The Importance of Good Follow-up

If you are disabled pre-empt your employer after the interview, by clearing your employers mind of any doubts.

When conducting a job search, good follow-up is just as important as making the initial contact. If you are a person with a disability, it can become even more crucial to develop good follow-up skills and habits to further supplement the information the employer received from you during the interview.

When you sat face-to-face with the interviewer and discussed the job duties and how you would be able to perform them, you probably sparked several questions in his or her mind. Some of these questions may have been asked during the actual interview, but many of them may not have occurred to that person until several days later. That is one reason good follow-up is important.

If you are being considered for a job, it is likely the employer will contact you to ask any residual questions, but you taking the initiative to make the contact can help him or her remember the questions existed and prompt asking. Before leaving the interview, it is often a good idea to inquire about whether or not you will be contacted. It is okay, at this point, you can also ask if you may contact the interviewer. This shows your interest in the job, and your courtesy for making the inquiry.

Once you have left the interview, be sure to write a thank you letter to the person or persons who conducted the interview. This is very important as it shows your appreciation for their time and consideration, and again, shows your initiative.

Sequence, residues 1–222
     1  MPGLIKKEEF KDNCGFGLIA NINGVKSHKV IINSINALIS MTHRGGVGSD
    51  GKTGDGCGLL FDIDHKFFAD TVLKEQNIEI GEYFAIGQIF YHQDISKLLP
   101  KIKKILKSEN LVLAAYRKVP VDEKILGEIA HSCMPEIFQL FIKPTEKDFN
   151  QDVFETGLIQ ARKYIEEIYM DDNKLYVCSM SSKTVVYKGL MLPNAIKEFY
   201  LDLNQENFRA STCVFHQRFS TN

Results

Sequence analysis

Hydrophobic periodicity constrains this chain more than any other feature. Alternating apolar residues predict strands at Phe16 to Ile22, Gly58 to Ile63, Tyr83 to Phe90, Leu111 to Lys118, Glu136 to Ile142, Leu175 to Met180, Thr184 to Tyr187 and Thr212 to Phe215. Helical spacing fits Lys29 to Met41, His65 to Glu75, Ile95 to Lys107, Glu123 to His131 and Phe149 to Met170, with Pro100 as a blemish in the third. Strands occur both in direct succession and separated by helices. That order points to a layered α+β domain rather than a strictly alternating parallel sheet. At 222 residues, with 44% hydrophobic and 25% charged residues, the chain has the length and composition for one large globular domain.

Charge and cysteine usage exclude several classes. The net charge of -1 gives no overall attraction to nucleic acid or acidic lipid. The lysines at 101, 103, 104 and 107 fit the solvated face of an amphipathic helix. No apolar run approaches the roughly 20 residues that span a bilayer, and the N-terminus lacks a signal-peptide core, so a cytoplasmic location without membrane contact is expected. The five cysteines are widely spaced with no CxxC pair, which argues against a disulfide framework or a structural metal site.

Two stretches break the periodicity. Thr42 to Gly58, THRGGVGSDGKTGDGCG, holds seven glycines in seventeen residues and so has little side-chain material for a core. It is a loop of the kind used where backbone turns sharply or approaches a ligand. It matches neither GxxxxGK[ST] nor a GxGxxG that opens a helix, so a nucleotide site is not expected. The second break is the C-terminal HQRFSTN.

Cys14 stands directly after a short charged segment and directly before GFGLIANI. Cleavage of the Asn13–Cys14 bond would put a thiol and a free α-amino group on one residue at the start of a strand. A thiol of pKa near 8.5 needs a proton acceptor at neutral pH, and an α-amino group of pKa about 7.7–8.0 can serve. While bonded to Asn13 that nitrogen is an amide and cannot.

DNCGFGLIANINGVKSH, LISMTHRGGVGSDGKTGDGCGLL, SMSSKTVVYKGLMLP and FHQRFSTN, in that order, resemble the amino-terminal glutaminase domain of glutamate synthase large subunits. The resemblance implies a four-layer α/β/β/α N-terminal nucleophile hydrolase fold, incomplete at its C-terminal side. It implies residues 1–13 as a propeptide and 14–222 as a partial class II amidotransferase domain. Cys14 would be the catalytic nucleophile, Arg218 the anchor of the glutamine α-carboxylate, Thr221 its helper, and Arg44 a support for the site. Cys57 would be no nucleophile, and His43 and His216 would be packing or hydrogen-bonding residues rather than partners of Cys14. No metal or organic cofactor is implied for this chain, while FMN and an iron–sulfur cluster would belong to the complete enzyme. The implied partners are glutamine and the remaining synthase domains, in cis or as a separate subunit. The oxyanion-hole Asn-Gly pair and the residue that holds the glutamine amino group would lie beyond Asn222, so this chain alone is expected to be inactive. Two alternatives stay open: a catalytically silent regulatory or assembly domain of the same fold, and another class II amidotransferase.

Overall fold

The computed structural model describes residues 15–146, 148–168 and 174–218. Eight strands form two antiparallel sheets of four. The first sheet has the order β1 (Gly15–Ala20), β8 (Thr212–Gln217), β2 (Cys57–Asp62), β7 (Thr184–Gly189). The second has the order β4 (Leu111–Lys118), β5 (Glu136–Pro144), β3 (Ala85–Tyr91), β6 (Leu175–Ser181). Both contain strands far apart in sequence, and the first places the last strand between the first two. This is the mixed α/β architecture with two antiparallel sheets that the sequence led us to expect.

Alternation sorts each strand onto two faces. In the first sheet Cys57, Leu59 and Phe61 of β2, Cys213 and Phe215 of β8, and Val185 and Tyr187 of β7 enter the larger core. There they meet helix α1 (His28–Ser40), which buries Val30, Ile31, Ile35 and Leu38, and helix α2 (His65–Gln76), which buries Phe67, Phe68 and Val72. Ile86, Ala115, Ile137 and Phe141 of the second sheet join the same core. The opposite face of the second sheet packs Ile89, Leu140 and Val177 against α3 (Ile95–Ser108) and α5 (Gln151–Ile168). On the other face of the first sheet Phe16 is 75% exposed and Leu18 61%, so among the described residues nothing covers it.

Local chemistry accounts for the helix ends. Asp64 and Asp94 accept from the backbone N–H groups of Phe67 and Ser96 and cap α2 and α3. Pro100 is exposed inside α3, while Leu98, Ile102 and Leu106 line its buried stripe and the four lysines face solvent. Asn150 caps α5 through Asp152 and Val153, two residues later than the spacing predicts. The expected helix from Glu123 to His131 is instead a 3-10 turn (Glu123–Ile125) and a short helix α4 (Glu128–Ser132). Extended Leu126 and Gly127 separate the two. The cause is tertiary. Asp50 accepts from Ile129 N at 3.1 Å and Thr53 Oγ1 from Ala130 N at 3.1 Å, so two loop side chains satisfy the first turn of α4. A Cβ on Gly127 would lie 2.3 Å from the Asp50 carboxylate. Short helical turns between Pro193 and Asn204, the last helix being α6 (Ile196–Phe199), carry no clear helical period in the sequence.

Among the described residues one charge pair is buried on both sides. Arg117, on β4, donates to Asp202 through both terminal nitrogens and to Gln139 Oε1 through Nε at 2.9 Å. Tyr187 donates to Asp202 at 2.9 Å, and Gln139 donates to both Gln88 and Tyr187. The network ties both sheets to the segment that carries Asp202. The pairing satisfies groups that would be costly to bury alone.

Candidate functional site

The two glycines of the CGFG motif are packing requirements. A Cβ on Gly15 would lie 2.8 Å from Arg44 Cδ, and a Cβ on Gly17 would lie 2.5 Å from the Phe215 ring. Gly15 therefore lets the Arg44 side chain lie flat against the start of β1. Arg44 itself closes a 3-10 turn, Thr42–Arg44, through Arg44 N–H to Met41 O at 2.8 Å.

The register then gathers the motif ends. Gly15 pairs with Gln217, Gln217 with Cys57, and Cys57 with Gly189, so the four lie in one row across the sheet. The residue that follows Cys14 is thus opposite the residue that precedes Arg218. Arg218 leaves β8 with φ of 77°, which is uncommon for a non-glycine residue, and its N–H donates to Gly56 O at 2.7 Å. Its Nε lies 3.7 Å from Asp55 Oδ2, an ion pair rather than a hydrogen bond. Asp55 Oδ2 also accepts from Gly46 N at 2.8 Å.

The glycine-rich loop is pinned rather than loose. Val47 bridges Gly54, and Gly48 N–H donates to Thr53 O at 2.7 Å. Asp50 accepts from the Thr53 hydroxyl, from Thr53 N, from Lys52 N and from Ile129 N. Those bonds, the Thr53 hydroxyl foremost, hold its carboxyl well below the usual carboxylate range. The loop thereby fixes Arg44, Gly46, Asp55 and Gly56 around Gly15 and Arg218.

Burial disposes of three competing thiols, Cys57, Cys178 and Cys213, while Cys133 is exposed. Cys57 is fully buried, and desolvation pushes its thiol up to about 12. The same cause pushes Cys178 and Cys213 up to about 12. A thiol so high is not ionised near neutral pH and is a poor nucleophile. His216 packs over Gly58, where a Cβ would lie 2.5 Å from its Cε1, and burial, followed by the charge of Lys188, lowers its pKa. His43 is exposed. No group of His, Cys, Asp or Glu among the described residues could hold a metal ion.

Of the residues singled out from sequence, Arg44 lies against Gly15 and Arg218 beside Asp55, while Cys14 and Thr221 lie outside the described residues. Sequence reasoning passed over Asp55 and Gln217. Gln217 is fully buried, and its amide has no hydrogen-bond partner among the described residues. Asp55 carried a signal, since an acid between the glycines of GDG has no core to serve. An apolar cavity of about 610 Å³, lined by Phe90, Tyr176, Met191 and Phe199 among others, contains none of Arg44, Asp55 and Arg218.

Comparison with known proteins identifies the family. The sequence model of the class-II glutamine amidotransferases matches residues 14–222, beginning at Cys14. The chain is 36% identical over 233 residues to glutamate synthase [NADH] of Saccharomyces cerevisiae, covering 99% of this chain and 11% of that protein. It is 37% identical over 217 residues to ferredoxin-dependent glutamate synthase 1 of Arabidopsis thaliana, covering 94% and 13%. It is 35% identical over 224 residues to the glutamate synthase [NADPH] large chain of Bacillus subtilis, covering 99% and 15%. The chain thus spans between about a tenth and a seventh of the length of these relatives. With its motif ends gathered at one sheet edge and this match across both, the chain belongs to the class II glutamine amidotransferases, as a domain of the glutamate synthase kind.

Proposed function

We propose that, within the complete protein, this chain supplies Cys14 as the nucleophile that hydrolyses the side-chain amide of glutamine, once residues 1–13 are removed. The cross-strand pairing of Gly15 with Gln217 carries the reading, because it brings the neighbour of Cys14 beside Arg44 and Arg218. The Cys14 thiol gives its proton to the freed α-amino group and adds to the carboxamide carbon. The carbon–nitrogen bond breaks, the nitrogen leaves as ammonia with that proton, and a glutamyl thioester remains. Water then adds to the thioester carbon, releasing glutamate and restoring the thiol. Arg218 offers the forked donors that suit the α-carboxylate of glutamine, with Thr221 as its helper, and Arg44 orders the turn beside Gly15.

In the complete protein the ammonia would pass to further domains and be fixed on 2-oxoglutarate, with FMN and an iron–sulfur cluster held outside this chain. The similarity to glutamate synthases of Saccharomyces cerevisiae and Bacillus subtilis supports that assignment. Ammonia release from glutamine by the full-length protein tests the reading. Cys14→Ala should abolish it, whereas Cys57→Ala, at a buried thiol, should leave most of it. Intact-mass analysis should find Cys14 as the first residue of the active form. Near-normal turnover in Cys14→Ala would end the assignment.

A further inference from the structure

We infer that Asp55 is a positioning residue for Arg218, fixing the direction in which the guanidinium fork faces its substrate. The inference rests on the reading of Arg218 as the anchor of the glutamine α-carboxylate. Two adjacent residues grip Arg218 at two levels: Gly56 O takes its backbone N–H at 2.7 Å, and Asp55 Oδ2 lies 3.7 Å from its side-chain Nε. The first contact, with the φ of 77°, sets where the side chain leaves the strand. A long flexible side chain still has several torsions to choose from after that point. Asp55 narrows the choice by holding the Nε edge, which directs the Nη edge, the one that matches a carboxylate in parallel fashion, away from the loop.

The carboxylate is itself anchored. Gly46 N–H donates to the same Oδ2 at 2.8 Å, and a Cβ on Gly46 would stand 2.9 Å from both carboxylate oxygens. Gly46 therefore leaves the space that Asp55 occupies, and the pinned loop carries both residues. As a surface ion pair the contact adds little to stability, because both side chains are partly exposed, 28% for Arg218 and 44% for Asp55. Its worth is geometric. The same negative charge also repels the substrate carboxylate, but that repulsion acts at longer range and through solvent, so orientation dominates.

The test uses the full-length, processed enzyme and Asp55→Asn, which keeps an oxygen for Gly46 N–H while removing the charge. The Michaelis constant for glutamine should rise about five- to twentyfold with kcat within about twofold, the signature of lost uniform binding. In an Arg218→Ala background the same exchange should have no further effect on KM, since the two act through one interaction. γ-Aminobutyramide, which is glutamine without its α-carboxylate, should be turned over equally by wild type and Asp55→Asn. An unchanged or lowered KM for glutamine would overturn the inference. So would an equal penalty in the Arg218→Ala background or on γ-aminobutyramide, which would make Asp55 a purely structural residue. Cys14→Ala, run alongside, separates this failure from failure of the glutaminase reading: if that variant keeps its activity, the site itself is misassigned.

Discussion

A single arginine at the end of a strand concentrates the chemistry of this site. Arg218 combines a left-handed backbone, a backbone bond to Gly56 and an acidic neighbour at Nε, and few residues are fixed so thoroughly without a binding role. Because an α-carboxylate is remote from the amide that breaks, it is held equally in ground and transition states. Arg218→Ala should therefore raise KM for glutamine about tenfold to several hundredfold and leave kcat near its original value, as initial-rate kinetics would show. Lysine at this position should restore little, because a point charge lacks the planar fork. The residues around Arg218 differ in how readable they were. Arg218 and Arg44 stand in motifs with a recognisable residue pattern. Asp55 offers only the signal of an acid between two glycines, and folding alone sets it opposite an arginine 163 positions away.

Make subsequent contact with the employer to inquire about whether or not you will be offered the job. If you do not get the job, ask about any upcoming job opportunities in the company, and how long your cover letter and resume will be kept on file. Also ask about job postings, where they can be found, and how often they are updated. Again, this shows your continuing interest in the company, and can help that person remember you in the future. Most importantly, respect the employer's wishes. If you are asked not to make subsequent inquiries, but are instead instructed to check the web site on a regular basis, do just that. It is common now for companies to ask this of prospects because of the many applications received, and the ease of the Internet and E-Mail.